No longer too exhausted to run

John G. Gribben

Generating effective immune responses in patients with chronic lymphocytic leukemia (CLL) without the concomitant toxicity of complications of graft-versus-host disease (GVHD) seen with allogeneic stem cell transplant (SCT) remains an elusive goal. In this issue of Blood, Robinson et al provide preclinical data demonstrating effective in vivo responses in a xenograft model of CLL using a novel CD19/CD3 bispecific antibody and that effective T-cell responses are augmented in samples obtained when patients have been treated with ibrutinib.1

T cells in CLL exhibit features of exhaustion and functionally, both CD4 (shown in upper right panel) and CD8 (not shown) cells form ineffective immune synapses with CD20-expressing CLL cells. Treatment with ibrutinib repairs the observed T-cell defects so that when combined with the action of the bispecific antibody, we see repaired T cells with increased effector function and marked increase the ability of the T cells to form in immune synapses with the CLL cells (upper right panel) and induce leukemia cell killing. Professional illustration by Patrick Lane, ScEYEnce Studios.

They suggest that the combination of a targeted agent such as ibrutinib in combination with an effective immunotherapy approach represents a potential advance in the goal of achieving durable responses in CLL, potentially without the need for continuous ongoing therapy (see figure).

The BTK inhibitor ibrutinib is now licensed for both relapsed and treatment-naïve patients with CLL.2,3 Whereas treatment with ibrutinib represents a major advance in the treatment of this incurable disease, this agent requires indefinite treatment of ongoing efficacy. There are therefore problems related to the high cost of long-term continuous therapy, compliance can be compromised by ongoing low-grade toxicity, and in many cases there is eventual emergence of resistance, particularly in the most high-risk patient population, including those with deletion of 17p and those with complex karyotype.

The only therapy that is offered with curative intent for the treatment of CLL is allogeneic SCT, and it is clear that the major mechanism for the success of this treatment approach is the graft-versus-leukemia effect mediated by donor T cells.4 However, SCT is associated with significant morbidity and mortality associated with GVHD and the need for immunosuppression leading to infectious complications. Generation of effective immune responses mediated by autologous T cells without the risk of GVHD remains the goal. Chimeric antigen receptor (CAR)-T cells represent a novel way to achieve this goal, but although CD19-targeted CAR-T cells are now approved for treatment of acute lymphoblastic leukemia and diffuse large B-cell lymphoma, responses in CLL have been more varied, and these products remains investigatory in CLL.5 A reason for this is likely the profound immune suppressive effect that CLL has on host immune responses and that CLL patients T cells exhibit phenotypic and functional characteristics of T-cell exhaustion.6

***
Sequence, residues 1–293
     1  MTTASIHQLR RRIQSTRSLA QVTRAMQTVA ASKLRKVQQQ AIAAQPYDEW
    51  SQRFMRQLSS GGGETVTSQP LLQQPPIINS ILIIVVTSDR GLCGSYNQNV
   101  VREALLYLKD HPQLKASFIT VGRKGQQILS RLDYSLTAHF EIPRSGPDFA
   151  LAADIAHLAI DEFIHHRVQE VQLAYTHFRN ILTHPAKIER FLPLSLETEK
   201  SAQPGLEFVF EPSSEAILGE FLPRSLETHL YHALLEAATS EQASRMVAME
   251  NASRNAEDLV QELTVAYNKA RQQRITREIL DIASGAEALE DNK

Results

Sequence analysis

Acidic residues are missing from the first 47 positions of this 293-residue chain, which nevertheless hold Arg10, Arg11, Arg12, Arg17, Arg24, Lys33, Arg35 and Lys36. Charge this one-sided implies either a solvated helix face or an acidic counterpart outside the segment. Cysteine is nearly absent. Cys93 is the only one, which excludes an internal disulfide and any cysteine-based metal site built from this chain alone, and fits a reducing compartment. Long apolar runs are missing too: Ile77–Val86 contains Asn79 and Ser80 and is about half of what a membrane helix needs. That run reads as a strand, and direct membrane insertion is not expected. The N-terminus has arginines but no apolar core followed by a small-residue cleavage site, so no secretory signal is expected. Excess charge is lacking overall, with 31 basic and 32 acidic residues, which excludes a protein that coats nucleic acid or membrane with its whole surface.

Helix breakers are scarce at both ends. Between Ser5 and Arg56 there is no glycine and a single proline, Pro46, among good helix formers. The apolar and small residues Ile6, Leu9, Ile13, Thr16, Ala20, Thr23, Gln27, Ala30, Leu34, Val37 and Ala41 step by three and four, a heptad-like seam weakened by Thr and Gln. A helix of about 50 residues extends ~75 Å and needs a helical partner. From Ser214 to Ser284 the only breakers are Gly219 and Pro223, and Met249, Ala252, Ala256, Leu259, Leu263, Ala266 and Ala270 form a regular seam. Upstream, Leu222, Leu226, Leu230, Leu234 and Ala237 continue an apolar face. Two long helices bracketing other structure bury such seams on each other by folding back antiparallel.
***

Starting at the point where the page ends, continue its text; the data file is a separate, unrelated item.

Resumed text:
Although ibrutinib is an example of the class of “targeted therapy,” there is increasing evidence that ibrutinib also mediates alterations in T-cell function and is, at least in part, able to reverse the T-cell exhaustion phenotype typical of CLL.7 Notably, CAR-T cells exhibit increased efficacy when the T cells are obtained after ibrutinib treatment. It is therefore highly likely that the combined effects seen here result from increased effector and cytotoxic function of the ibrutinib-treated T cells brought together in effective synapse interactions with the target CLL cells by the bispecific antibody.

The work here is novel but, of course, is all preclinical, with the data presented being either in vitro or in xenograft mouse models. We are therefore still far from translating this work to patients. Blinatumomab is licensed for and highly effective for the treatment of acute lymphoblastic leukemia.8 There is no convincing data presented to explain why there should be such difference in activity in vivo between blinatumomab and the novel bispecific antibody construct when they work similarly in vitro. The experiments using samples from patients treated long term with ibrutinib remain difficult to interpret, and it is not clear if this is attributable to an effect of the ibrutinib on T cells or simply a reflection of taking samples when the CLL burden in the patients was much less. There is also no clear reason why ibrutinib-resistant cells should have been less sensitive to the bispecific antibody treatment as there is no suggestion that B-cell receptor–mediated signaling is in any way associated with its activity. We await with great interest the data that this novel bispecific antibody compound can be given safely to humans and the subsequent clinical trials in combination with ibrutinib to determine whether this combination can really transform, as hoped, once exhausted T cells into effective mediators of long-lasting disease control in CLL.


  • Conflict-of-interest disclosure: The author declares no competing financial interests.


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